"...there is a sense in the APF that the notion of citizenship is tied to struggle ... if you struggle to defend your right to water, for instance, that is circumscribed by the fact that you are South African and that those rights are due to you, you know, why else be petitioning your city to be fighting those services, so you can ... take direct action and break the law, but only ever to reaffirm your rights to the fruits of citizenship..."
In 2008, after the widespread and violent attacks on immigrants, the majority of which took place in the Gauteng Province, the APF together with a range of other social movements, community organisations, NGOs and immigrant associations, formed the Coalition Against Xenophobia (CAX). The founding declaration of CAX expressed the urgent need to harness human commonality out of the mirrored cesspit of national chauvinism, Afro-phobia and a society deeply marked by its past and ongoing repression.
The first activity of CAX was to organise a mass public rally and march in Hillbrow and the inner city of Johannesburg (where large numbers of immigrants reside) in order to send a message of social tolerance, internationalism and social/national inclusivity. The rally-march attracted almost 5000 people from all walks of life and was an important factor in showing solidarity with immigrants, countering any continued xenophobic attacks and sending a strong message to the SA government to be more pro-active in combating xenophobia within its own ranks and policies.
"I think [APF] leadership really addressed that issue quite effectively, they got the message across that there was no space for xenophobic attitudes and personally, really, I would say the reception is still quite okay. No one is forever reminding me that I am Zimbabwean and you know I don’t belong here..."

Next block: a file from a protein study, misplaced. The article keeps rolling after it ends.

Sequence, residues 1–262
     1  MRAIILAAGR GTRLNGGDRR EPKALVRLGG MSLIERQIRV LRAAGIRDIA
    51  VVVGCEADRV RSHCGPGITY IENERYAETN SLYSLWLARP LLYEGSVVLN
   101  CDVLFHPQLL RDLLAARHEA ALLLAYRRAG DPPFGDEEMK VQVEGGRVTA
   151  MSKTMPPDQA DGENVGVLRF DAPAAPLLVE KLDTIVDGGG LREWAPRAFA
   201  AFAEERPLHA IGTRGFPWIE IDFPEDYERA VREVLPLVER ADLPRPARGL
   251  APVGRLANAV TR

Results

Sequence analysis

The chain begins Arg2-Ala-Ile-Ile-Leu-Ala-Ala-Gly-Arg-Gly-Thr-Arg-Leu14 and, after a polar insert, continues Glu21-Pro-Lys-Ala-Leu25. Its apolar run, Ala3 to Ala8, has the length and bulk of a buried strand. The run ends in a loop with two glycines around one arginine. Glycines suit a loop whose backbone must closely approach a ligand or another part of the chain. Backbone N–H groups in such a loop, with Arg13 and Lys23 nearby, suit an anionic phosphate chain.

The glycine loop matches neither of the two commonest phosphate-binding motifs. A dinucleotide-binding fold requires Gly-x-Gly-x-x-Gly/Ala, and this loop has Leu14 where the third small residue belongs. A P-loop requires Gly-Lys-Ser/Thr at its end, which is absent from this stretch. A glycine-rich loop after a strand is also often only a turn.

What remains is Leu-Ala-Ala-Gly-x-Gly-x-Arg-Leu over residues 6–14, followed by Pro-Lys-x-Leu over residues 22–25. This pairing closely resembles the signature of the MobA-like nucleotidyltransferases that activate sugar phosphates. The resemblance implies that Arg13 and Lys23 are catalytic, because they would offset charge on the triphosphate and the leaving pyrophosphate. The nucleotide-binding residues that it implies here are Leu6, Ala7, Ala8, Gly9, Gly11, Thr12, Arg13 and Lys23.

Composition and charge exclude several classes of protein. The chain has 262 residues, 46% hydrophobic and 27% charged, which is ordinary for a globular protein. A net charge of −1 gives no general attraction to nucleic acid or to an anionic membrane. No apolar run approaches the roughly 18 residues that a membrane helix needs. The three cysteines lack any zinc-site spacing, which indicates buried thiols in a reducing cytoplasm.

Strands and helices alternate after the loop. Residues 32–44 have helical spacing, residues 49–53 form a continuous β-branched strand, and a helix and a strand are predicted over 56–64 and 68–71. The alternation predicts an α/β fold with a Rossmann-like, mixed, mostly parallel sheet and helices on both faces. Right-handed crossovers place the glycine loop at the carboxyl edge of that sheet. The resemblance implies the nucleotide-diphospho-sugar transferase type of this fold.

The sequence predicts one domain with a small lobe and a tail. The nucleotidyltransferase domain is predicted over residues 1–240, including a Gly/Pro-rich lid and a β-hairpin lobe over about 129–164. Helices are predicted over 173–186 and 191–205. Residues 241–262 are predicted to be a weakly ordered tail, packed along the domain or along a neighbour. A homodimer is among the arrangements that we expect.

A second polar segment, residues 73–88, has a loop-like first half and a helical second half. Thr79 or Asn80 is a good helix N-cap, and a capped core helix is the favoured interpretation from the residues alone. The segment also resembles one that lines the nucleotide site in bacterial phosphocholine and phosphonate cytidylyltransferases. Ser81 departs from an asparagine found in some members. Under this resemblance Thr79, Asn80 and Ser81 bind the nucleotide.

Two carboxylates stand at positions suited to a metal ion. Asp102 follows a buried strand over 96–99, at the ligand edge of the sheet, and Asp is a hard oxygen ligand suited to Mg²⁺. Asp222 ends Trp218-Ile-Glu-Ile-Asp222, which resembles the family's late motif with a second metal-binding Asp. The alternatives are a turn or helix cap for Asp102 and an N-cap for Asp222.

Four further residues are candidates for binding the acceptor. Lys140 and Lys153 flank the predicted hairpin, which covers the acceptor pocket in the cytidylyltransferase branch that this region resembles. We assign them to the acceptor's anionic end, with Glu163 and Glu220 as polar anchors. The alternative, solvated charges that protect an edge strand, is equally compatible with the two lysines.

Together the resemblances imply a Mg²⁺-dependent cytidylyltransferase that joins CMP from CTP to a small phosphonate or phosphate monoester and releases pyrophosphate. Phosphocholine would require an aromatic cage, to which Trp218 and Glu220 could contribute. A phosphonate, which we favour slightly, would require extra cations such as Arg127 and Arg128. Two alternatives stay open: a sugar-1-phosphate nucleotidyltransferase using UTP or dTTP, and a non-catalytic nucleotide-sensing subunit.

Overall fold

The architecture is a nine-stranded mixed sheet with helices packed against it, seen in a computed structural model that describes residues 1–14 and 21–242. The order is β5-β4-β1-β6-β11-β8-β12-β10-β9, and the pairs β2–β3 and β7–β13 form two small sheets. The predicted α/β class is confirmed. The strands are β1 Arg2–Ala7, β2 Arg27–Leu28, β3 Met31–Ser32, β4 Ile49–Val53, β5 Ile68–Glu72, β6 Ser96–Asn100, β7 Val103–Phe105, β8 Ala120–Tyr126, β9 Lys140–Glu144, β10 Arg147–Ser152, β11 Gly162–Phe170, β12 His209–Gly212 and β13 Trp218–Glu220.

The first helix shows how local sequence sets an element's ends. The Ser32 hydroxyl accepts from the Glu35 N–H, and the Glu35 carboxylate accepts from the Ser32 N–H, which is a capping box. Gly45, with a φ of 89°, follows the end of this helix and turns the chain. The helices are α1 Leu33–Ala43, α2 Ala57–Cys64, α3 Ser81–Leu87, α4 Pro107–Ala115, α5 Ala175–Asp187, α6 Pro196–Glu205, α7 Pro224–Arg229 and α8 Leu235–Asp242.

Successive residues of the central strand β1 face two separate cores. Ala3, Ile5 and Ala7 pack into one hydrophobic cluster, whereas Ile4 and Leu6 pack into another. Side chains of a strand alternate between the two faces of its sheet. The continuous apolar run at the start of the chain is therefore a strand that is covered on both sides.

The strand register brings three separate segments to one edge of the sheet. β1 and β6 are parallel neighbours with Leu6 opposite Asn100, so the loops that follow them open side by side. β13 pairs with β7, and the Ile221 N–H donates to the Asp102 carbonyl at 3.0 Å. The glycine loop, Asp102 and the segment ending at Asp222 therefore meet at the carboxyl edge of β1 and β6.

Over a period of several months, CAX also helped provide legal and material assistance to victims of the attacks, conducted educational workshops in communities and engaged in a ‘Shut Down Lindela’ campaign (Lindela being South Africa’s main ‘detention centre’ for ‘illegal immigrants’ prior to deportation).
CAX’s activities - as the only mass / public response to the xenophobic violence – were crucial in offering a societal counter-weight to the xenophobes and pressuring the government to become more pro-active in combating xenophobic attitudes and incidents as well as positively adjusting immigration rules and procedures especially in the case of Zimbabweans.
"...The only real sort of resistance to xenophobia is organisation and movements themselves. Without that, xenophobia is going to reign supreme in our country and that is going to lead to destruction of any kind of resistance and progressive politics and progressive organisation within South Africa if we are not able to build a necessary mass force that can provide a powerful deterrent to elements who want to exploit the kind of poverty of people for their own sort of interest."